In southern Spain you will find the legendary and lovely city of Seville. It is the fourth largest city in the country and capital of Andalusia. According to mythology, Hercules founded Seville as he sailed through the Strait of Gibraltar to the Atlantic. During its 2000 year history, it has been home to the Romans, Vandals and Visigoths, and its 800 years of Moorish influence is very present in its unique multi-cultural architecture.
Seville (Sevilla in Spanish) located on the Guadalquivir River was awarded the royal monopoly as the European port city for all trade and goods coming from the New World. In fact, at the Archivo de Indias (a UNESCO World Heritage Site) you will find a priceless collection of archives pertaining to the discovery of the Americas.
Seville is a vibrant and friendly city eager to share many of its cultural traditions including the famous birthplace of tapas (Spanish appetizers), the famous festivals and processions of Semana Santa and Feria de Abril, the picturesque pedestrian streets of Barrio de Santa Cruz (formerly the Jewish Quarters), the nearby Roman city of Itálica (birthplace of three Roman Emperors), the world’s largest wooden sculpture, and much more. It is also the city of Carmen, Don Juan, and Figaro.
La Giralda and the Cathedral
The Cathedral of Seville, built in the 15th and 16th centuries, sits on the grounds of what was once major mosque. Within the cathedral walls you will find La Giralda, the minaret. Its steep climb is worth doing to capture a beautiful view of the city. It is the third largest Cathedral in the world, and houses the stunning tomb of Christopher Columbus.
Facing the Cathedral you will find the elegant Arab palace, the Alcázar. Although construction began in 1181, it took 500 years to build. Predominantly Mudejar-style architecture, the upper levels of the palace is used by the Spanish royal family as their official Seville residence.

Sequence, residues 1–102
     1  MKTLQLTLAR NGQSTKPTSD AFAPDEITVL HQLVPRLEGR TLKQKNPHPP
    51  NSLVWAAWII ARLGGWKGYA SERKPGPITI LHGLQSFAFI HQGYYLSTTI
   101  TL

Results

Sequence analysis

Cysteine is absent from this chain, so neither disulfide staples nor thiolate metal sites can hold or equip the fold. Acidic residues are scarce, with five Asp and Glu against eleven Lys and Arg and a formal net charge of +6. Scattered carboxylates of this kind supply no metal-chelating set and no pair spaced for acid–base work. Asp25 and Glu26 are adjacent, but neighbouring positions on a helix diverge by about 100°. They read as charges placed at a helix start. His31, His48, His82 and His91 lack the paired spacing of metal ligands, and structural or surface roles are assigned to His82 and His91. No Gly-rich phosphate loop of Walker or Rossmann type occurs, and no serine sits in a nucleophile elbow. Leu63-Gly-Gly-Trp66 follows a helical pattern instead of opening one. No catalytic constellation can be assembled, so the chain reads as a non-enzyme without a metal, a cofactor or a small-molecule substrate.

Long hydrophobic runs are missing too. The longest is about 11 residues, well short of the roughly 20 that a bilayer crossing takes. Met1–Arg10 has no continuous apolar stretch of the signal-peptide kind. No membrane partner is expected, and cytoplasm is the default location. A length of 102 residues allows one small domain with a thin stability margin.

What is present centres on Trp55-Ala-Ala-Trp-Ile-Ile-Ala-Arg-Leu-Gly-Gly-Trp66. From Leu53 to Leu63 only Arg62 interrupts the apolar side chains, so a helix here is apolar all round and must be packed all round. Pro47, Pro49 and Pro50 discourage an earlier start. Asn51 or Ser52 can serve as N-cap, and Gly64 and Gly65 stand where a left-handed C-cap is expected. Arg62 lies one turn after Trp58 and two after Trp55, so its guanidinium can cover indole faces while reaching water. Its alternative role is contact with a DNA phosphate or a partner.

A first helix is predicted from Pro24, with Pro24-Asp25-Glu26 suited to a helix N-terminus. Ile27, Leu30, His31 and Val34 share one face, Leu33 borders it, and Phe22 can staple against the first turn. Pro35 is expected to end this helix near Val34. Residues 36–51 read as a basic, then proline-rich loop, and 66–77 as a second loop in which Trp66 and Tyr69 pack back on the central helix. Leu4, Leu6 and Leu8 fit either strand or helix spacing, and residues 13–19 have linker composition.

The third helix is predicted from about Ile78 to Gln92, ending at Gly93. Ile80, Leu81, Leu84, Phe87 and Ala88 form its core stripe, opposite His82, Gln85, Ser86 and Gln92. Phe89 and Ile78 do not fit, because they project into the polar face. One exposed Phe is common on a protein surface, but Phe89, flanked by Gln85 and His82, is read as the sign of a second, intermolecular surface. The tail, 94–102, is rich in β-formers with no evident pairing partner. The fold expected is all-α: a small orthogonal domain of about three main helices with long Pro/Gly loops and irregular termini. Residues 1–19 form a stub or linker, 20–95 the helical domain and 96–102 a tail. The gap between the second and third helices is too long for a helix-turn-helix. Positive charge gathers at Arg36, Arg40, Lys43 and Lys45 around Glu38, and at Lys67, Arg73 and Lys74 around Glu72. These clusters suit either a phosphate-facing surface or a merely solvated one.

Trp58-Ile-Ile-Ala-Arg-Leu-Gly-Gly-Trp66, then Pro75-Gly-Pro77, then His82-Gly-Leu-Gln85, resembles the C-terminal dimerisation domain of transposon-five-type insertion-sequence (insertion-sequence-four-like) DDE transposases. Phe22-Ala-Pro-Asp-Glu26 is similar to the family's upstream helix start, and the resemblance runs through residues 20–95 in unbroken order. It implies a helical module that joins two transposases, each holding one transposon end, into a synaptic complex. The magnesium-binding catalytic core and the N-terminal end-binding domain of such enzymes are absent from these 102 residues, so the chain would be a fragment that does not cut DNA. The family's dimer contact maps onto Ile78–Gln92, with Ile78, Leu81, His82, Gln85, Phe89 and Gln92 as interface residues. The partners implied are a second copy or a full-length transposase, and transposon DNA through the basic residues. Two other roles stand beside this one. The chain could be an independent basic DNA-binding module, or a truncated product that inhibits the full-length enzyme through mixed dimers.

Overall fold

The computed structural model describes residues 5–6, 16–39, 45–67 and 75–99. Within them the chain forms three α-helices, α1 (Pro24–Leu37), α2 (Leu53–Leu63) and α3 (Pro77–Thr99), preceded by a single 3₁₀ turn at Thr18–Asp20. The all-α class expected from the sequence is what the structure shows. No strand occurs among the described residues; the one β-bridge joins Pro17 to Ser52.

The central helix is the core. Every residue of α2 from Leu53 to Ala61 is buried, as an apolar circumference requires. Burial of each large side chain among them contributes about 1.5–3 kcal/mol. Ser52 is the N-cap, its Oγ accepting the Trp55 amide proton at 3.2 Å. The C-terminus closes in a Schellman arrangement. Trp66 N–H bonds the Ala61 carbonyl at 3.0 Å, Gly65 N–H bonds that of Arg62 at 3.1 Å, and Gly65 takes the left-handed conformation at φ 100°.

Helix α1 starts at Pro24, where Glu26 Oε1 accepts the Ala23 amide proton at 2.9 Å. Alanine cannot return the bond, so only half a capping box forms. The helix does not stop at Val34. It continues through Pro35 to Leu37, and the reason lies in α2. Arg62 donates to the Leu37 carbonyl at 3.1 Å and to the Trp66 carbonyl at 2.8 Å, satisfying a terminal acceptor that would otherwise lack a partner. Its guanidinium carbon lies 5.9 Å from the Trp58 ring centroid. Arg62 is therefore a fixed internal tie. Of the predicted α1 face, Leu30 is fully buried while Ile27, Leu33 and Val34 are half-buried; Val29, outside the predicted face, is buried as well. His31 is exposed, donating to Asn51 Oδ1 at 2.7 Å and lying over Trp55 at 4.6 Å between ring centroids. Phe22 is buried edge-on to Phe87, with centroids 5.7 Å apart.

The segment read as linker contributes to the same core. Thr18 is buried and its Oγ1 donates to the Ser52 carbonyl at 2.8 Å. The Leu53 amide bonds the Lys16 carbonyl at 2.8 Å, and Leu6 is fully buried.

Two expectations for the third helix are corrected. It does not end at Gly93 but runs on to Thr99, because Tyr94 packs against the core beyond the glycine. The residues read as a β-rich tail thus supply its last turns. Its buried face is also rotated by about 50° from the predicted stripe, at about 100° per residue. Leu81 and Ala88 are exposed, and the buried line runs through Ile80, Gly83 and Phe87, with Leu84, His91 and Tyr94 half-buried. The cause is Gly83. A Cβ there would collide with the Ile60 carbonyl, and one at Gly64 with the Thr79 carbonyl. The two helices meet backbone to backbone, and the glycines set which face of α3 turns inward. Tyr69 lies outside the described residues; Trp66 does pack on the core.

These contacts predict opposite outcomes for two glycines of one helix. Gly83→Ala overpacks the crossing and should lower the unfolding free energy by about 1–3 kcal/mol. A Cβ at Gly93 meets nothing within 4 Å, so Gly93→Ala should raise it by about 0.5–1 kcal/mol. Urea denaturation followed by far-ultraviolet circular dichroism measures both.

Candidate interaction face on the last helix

Plaza de España
The Plaza de España is a frequently filmed plaza where all the provinces of Spain are depicted in ornate hand-painted tiles. The Parque Marisa Luisa is a fun place where you can feed friendly doves out of your hands.
Museo de Bellas Artes
The Museo de Bellas Artes, founded in 1839, is housed in the Convento de la Merced Calzada which was built in 1602. The collections include art from Francisco de Zurbaran, Valdes Leal, as well as Murillo, Francisco Pacheco, Velazquez, Cano, El Greco and Goya.
El Puente de Alamillo
Seville has modern art and architecture that is the envy of Europe. The Alamillo Bridge was constructed for the World Expo ’92 by architect Santiago Calatrava and is an engineering and design marvel.
The world’s largest wooden structure, Metropol Parasol, was designed by Berlin architect Jurgen Mayer in 2011. The locals call it Las Setas de la Encarnación (wild mushrooms of the Incarnation) because of its unique modern design. It houses a market and the terrace roof offers another great view of the city.
There are so many, many reasons to visit Seville. From the flamenco festivals, to the fresh and local cuisine, we could list them all here but where’s the fun in that? Come see for yourself. So pack your bags and head to Sevilla, but be warned…. you may not want to come home.
Come celebrate the world with Conexus International as we showcase the best the world has to share.